Morally illegitimate targets: mass gatherings of civilian populations in offices, shops, on aeroplanes etc...

    Although Osama did successfully liquidate personnel in the Pentagon, it wasn't morally legitimate, since he used a plane full of civilians to accomplish his mission... moreoever, he lost all credibility when his Al-Quaeda murdered those thousands of innocent civilians in the World Trade Center...

    ... on this basis, Osama and the US policy makers are simply two sides of the same dirty coin, since both sides partake in the murder of civilians... Osama and the US policy makers deserve to sit at the same table in the abyss of hell... the are made for eachother and should deservedly rot in hell together...

    May peace and commonsense prevail...
    #55     Nov 14, 2002
  6. LOL - right on schedule, planting the seed propaganda for the later disregard of any possible adverse inspection results. Thank God for those trusty, anonymous 'U.S. officials'.

    What a complete farce. This would be comical if it weren't war on the line.

    U.S. fears inspection whitewash, could press for Blix replacement

    Thursday, November 14, 2002

    As the United Nations prepares to send weapons inspectors to Iraq next week, U.S. officials are expressing concerns that the regime of President Saddam Hussein will be given a clean bill of health.

    Officials said a 24-member delegation will arrive on Monday in Baghdad. The delegation will be headed by UN weapons inspections chief Hans Blix and Atomic Energy Agency secretary-general Mohamed El Baradei.

    The first inspections could resume by the end of the month. Intrusive inspections are not expected to begin until next year and El Baradei said the effort could take up to a year. The first UN report on Iraqi weapons is scheduled to be submitted by the end of February.

    U.S. officials said they have serious doubts about the validity of the inspections process. They said the focus of their worry is Blix, who is regarded as vulnerable to Iraqi manipulation and might determine that Baghdad has cooperated with inspectors.
    The Bush administration could press for the replacement of Blix, an official said. The official said this would depend on the result of Blix's behavior during his trip to Baghdad next week.

    "This is not a matter of having to go play cat and mouse games with Iraq," State Department spokesman Richard Boucher said. "Iraq is required to demonstrate active cooperation and we should be able to see if they are truly that, we should be able to see that kind of pattern develop."
    #56     Nov 14, 2002
  7. Josh_B


    ..."This is not a matter of having to go play cat and mouse games with Iraq," State Department spokesman Richard Boucher said. "Iraq is required to demonstrate active cooperation and we should be able to see if they are truly that, we should be able to see that kind of pattern develop"...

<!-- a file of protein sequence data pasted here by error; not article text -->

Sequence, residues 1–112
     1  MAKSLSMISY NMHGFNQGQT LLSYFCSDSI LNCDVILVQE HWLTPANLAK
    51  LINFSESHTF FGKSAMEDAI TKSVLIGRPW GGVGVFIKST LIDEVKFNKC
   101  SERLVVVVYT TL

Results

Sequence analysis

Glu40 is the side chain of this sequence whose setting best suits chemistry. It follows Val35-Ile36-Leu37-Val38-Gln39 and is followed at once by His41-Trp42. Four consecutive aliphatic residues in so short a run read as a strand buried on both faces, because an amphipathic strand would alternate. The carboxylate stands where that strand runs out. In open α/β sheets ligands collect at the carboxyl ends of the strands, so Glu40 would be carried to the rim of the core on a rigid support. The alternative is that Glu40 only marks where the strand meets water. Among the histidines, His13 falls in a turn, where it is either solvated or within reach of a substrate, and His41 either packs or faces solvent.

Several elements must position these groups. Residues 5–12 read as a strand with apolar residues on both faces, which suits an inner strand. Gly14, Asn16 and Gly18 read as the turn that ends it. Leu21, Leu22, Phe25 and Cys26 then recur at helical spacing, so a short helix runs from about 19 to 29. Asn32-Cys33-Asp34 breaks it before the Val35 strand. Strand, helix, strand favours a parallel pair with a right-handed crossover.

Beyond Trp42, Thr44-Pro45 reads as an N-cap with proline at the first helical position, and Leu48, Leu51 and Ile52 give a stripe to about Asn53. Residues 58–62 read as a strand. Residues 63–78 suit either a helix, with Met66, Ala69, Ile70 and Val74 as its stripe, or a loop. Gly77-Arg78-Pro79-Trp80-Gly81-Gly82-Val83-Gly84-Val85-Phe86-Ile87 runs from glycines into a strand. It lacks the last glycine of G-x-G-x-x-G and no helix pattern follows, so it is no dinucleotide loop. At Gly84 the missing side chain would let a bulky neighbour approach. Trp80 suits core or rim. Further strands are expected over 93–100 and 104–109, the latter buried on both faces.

could easily read, Iraq is to just let us in to drill at will. Preferably after some excuse so we can drop few bombs, test some new weapons, save some face, and justify some more appropriation bills for the special interest groups.

    In the mean time we focus the people's attention on how bad saddam (substitute your favorite dictator here) who can destroy the US. (Our military is greater than the next 20 nations put together on conventional arms and nobody can touch us in technology).And while the public is scared and misdirected we can chip away at basic freedoms in the homeland. So next time the loot and control and power is even easier to get.

    also look at Madison's thread on big brother and

    not to mention the Patriot act..

    We need inspectors here not there.

    I'm sure that our leaders will find some way to attack. Spin doctors must be working overtime these days.

    I just hope cool heads prevail.

    #57     Nov 14, 2002
  8. To convince the Japanese to surrender of course. The Japanese were given the opportunity to surrender prior to the first nuke drop but refused. They were again given the opportunity to surrender after Hiroshima but again refused in spite of the demonstration of the destructive force (demonstrating the military's determination to continue fighting). Only after the second target was hit did the Emperor finally decide to step in and push for surrender.

    He could??!!! What are you smoking?

    Note that understanding the rationale relative to WW2 doesn't mean I advocate attacks on Iraq.
    #58     Nov 14, 2002
  9. Because the US has placed military headquarters in close proximity to a heavily populated civilian area.
    #59     Nov 14, 2002
  10. ElCubano


    He has already done it and I dont think there is any military headquarters near ground zero......although it was not a nuke it did cost lots of inocent lives
    #60     Nov 14, 2002